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CLASS 46


Now in its twelfth year, Class 46 is dedicated to European trade mark law and practice. This weblog is written by a team of enthusiasts who want to spread the word and share their thoughts with others.

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WEDNESDAY, 15 JULY 2015
General Court: non EU Geographical Indication bars CTM application

In Case T-55/14, Genossenschaftskellerei Rosswag-Mühlhausen eG applied for word CTM Lembergerland for Class 33 “alcoholic beverages (except beers)”.

OHIM rejected the trademark application because the mark contains a geographical indication Lemberg, protected in the European Union for wines originating in South Africa under article 8 b) ii) of the Agreement between the European Community and the Republic of South Africa on trade in wine (the ‘Agreement’). The mark is not a new fantasy term compared to the Lemberg geographical indication. Further, in order to justify the refusal of registration on the grounds referred to in Article 7, paragraph 1, sub j) of the Regulation No 207/2009, it is sufficient that the is sign is composed of elements to identify with certainty the geographical indications. Moreover, even if the term "lemberg" referred to a vineyard (estate) and not to a region or a territory, it does not question the fact that it is a protected GI under the Agreement.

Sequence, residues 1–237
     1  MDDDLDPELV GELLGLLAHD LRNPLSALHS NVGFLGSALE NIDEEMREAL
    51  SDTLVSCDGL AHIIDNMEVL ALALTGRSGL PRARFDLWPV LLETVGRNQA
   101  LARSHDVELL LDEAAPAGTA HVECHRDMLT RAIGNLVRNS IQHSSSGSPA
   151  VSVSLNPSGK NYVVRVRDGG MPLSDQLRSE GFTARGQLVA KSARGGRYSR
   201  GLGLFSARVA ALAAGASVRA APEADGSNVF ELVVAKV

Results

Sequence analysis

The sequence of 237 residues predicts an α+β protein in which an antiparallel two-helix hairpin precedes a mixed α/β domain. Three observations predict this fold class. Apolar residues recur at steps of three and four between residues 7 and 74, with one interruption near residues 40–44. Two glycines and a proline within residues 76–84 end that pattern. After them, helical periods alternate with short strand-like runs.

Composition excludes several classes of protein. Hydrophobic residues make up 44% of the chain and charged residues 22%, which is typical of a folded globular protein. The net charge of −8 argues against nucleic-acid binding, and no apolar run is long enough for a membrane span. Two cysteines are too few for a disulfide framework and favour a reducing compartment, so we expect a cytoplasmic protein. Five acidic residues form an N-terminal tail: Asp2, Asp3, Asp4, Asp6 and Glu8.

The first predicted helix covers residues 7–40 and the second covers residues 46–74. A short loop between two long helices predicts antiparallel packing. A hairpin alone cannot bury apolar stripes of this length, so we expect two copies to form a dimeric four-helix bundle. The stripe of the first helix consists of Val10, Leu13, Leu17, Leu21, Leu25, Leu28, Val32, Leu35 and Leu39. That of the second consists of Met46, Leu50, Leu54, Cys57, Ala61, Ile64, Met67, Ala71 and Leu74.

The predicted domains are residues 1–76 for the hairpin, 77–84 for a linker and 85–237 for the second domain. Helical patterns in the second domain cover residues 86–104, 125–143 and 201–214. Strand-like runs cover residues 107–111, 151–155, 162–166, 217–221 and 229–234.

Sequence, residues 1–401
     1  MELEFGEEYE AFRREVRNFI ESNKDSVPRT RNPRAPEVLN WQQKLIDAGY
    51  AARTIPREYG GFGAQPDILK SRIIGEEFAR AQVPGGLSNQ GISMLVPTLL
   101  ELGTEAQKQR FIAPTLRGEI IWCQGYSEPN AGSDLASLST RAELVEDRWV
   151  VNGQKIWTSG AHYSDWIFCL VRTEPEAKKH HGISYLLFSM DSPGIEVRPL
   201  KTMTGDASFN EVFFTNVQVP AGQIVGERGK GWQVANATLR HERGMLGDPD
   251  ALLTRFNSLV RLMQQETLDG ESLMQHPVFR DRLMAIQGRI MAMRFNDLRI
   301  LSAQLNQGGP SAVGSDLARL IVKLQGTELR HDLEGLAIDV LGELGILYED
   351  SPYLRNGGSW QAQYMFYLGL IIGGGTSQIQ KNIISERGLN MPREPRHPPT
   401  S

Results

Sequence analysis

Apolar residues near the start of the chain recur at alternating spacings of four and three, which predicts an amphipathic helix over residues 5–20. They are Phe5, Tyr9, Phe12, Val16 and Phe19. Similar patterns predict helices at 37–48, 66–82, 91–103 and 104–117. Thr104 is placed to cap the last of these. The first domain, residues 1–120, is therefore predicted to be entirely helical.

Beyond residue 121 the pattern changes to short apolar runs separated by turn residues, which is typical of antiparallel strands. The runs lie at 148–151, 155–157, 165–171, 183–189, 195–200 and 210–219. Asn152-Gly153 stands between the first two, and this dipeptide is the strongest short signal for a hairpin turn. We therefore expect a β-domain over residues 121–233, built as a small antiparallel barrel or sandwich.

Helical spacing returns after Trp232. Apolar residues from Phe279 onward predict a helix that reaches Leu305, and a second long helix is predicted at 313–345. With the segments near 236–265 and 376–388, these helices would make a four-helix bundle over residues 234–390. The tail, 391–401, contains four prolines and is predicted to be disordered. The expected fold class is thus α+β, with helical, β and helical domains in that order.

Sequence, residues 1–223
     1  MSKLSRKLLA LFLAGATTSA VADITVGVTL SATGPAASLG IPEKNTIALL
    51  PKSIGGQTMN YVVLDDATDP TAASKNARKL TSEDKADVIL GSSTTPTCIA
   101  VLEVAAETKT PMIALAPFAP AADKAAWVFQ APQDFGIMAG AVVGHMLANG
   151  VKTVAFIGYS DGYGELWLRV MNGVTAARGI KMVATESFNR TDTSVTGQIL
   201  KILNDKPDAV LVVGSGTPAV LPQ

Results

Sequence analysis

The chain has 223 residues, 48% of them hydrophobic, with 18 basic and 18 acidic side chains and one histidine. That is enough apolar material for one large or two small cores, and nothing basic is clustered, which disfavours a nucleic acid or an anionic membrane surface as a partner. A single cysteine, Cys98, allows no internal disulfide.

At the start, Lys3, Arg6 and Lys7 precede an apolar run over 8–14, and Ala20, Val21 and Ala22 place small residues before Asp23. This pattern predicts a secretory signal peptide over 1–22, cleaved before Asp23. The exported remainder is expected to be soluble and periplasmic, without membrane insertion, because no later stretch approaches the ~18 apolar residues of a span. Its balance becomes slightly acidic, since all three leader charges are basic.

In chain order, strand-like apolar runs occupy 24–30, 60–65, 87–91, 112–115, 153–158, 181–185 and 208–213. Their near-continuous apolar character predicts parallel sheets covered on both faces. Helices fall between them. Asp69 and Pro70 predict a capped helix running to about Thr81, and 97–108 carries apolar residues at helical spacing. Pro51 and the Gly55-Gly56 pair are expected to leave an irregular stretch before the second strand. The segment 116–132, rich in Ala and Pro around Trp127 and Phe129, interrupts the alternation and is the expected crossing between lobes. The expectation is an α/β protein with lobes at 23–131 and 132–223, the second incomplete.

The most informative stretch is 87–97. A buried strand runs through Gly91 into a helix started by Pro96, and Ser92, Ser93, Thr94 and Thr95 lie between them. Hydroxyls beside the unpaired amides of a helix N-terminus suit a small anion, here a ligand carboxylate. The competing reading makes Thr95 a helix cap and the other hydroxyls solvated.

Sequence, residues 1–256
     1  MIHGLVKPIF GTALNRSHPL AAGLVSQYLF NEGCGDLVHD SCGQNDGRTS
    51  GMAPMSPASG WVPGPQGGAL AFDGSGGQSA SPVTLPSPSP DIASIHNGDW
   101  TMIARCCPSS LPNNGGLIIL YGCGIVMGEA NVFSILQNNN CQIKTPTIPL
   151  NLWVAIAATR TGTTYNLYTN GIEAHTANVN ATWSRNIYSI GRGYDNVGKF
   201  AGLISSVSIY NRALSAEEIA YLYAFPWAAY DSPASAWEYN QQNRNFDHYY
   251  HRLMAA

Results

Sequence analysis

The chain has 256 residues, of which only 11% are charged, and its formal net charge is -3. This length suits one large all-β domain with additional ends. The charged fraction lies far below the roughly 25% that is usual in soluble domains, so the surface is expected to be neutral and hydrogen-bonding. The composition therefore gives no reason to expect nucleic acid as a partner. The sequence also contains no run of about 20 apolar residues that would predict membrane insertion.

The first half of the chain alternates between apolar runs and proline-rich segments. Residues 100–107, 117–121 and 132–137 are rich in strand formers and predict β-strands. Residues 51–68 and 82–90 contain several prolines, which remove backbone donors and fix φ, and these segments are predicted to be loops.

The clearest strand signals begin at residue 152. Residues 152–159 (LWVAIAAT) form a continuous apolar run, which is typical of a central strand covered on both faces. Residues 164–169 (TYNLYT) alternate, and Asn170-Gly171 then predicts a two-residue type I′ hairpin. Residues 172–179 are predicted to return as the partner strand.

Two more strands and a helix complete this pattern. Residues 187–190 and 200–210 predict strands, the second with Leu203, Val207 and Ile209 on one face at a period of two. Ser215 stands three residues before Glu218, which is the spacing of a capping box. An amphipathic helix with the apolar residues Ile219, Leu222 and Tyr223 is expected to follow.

The references made by the applicant to other geographical indications protected under the same agreement are irrelevant to the assessment in this case.

Finally, the applicant observed that the protection of the South African GI 'Lemberg' did not prevent the Austrian vineyard St. Magdalena am Lemberg to also be protected as a GI by the same agreement between the EU and the Republic of South Africa. The applicant thus alleged that the mark should be registered on the same principles that led to consider that the above two indications are not in conflict.

In that regard, the BoA correctly observed that, even assuming that there is a homonymous said GI, in accordance with Article 7, paragraph 4 a) of the Agreement, it should consider that both indications were protected because of traditional and consistent use of them and the fact that their concomittant use was not likely to mislead the consumer. The General Court endorsed that assessment; in any event, this alleged legal issue was not the subject of these proceedings.

The appeal was dismissed.

Posted by: Laetitia Lagarde @ 08.22
Tags: GI, South Africa, Lembergerland, Germany, Wine,
Perm-A-Link: https://www.marques.org/blogs/class46?XID=BHA4137

MARQUES does not guarantee the accuracy of the information in this blog. The views are those of the individual contributors and do not necessarily reflect those of MARQUES. Seek professional advice before action on any information included here.


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